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Symptoms and Signs of Sporotrichosis

Doctor's Notes on Sporotrichosis

Sporotrichosis is a skin infection caused by the fungus Sporothrix schenckii; it has been termed “Rose handler’s disease”. Infection is often found in individuals (gardeners) that raise roses and/or work with moss and soil; the fungus is frequently located on the thorns of roses. Signs and symptoms of sporotrichosis may not appear for days to months. Signs and symptoms begin as firm nodule on the skin that range in color from pink to purple. These nodules can be painless or slightly tender. The nodules, over time, may develop into an open sore or ulcer and drain clear fluid. Often, the organisms develop along a straight line on an extremity that indicates lymph node infection; these infections may develop sinus tracks from the lymph node to the skin. These open sinus tracks are termed mycetomas; they may discharge granular material composed of mainly fungi. Rarely, the infection may reach one or more of the internal organs.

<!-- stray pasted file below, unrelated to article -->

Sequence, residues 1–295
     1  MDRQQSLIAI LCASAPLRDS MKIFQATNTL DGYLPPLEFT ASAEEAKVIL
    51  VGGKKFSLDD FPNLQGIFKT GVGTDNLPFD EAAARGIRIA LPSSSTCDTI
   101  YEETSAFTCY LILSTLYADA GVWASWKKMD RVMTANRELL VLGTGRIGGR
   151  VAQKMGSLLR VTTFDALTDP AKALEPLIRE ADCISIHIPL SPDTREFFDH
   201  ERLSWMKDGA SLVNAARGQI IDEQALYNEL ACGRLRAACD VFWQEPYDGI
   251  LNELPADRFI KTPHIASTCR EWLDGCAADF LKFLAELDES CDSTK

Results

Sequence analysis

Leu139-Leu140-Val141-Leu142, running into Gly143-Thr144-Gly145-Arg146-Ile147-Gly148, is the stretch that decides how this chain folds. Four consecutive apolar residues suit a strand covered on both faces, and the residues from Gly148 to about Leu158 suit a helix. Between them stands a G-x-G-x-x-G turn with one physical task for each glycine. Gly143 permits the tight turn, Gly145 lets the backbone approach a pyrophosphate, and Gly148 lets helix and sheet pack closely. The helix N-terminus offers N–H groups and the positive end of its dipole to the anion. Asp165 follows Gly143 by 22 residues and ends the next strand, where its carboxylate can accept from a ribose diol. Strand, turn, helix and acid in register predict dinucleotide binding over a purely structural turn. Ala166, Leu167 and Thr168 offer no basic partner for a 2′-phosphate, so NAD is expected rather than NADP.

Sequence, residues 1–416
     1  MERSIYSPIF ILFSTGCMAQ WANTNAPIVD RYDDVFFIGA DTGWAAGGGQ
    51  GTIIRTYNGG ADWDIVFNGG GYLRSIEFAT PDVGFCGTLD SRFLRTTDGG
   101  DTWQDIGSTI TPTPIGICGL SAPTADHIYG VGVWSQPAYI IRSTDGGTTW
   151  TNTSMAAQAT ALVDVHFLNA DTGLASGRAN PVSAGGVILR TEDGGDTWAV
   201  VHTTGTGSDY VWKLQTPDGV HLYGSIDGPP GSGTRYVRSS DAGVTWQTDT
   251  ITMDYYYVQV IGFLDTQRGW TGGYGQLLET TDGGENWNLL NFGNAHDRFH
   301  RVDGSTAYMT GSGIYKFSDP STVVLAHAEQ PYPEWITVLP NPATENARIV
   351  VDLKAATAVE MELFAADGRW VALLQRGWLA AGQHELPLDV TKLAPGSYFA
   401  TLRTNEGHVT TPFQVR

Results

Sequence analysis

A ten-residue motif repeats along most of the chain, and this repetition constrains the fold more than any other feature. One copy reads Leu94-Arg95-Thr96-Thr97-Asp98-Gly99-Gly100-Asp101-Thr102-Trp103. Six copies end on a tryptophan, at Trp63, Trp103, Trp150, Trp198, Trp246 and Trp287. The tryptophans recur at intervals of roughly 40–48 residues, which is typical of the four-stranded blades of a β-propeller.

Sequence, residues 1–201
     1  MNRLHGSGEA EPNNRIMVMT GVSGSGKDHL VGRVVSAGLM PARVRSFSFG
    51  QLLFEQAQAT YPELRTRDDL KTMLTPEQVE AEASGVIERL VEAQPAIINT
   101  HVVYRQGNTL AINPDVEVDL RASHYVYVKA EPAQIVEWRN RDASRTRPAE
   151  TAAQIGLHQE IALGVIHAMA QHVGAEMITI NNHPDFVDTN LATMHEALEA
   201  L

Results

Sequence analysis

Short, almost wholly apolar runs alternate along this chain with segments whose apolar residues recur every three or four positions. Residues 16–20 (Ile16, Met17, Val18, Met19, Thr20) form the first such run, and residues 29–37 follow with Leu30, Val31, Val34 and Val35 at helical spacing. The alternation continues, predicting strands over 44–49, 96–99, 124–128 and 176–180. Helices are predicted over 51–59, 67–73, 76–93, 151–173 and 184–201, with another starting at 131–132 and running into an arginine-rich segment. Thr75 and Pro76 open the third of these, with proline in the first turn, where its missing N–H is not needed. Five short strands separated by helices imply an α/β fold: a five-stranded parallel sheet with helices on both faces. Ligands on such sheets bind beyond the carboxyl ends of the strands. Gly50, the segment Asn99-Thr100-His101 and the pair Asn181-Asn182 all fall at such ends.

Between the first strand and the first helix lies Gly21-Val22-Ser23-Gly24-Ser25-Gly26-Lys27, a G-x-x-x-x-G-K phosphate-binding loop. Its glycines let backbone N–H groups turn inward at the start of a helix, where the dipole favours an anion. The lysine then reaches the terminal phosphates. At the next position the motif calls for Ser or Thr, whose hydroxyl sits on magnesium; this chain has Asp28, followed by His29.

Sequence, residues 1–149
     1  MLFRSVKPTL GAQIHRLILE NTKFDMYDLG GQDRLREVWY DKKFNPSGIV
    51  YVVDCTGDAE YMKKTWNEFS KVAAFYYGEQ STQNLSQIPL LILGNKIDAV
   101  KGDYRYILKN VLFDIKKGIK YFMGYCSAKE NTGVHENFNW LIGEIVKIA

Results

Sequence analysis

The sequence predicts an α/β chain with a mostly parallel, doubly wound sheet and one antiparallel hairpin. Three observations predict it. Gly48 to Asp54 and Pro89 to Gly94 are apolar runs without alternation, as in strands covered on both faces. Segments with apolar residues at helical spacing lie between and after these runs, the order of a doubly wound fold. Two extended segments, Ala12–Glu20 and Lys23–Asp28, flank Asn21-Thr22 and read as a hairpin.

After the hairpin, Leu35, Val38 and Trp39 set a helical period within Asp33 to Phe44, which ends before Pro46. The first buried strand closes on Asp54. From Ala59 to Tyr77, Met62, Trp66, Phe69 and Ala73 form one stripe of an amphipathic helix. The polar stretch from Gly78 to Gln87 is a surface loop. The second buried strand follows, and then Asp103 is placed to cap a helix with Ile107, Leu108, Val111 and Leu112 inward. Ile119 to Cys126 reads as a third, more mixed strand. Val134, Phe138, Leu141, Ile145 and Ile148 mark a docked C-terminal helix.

The cause of sporotrichosis is infection by the fungus Sporothrix schenckii. The disease is not spread person-to-person. Rarely, it can be transmitted to humans with scratches from animals’ claws or may be inhaled and/or ingested. The signs and symptoms can be more aggressive in immunosuppressed individuals.

Medical Author:
Medically Reviewed on 3/11/2019


Kasper, D.L., et al., eds. Harrison's Principles of Internal Medicine, 19th Ed. United States: McGraw-Hill Education, 2015.